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If you’ve ever dived or snorkeled over a sandy lake or ocean bottom, you’ve probably seen some neat patterns there. But it’s hard to compete with the Japanese pufferfish for pure artistry. This small fish creates enormous and elaborate designs in the sand in order to attract a mate. The male fish moves the sand into place by flapping his fins very close to the surface. Above a critical flapping velocity, his fins generate vortices capable of picking up sand, as seen below. With repeated passes, the fish is able to excavate the trough that is key to his creation. It’s a constant fight against the current, though.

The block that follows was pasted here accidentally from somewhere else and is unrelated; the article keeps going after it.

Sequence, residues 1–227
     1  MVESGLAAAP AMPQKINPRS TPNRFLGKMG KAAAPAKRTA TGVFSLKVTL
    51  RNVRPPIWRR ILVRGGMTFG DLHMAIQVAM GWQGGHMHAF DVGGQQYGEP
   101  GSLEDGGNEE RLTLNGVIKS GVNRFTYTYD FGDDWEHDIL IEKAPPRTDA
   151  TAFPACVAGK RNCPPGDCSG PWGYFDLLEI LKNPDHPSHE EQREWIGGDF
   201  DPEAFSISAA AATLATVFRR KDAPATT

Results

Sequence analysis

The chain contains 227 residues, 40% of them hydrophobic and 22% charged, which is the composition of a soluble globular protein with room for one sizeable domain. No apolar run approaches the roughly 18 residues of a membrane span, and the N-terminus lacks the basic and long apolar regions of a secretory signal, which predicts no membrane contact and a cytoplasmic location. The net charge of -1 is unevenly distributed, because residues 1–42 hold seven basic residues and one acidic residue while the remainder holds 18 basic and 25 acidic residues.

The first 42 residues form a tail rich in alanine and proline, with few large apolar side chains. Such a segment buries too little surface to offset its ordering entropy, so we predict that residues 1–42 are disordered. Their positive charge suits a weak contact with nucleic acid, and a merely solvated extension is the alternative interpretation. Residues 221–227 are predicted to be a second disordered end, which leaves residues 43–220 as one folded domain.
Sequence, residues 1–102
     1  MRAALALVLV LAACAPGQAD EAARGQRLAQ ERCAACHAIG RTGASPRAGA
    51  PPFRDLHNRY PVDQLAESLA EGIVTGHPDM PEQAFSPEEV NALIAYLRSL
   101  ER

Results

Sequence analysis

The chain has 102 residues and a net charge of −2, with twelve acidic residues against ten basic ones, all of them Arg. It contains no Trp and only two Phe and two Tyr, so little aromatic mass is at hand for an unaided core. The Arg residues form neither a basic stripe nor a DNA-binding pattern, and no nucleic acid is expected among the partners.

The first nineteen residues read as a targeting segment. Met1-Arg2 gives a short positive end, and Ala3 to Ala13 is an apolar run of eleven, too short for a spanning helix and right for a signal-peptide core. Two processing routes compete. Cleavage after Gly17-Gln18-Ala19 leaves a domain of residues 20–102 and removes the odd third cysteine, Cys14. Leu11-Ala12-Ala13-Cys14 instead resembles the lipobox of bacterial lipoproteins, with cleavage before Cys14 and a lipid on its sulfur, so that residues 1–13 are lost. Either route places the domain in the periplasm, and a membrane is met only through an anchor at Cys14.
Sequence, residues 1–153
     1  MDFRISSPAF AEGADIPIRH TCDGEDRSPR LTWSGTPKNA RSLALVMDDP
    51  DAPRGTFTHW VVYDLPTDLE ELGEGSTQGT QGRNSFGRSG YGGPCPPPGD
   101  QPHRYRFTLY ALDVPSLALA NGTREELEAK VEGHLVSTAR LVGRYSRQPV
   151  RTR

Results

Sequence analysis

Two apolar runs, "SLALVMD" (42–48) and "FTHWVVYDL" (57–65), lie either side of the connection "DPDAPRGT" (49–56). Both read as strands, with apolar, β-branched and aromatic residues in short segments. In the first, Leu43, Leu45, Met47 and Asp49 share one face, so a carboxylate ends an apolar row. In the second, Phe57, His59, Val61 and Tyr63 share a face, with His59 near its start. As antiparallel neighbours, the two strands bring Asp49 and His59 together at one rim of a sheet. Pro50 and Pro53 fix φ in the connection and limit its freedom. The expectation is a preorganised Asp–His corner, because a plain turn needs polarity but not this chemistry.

Puffers aren’t the only ones who flap their fins to move the sands. Rays and flounders use this technique to bury themselves and hide (Video credit: BBC Earth; image credit: A. Sauret, source; research credit: A. Sauret et al.)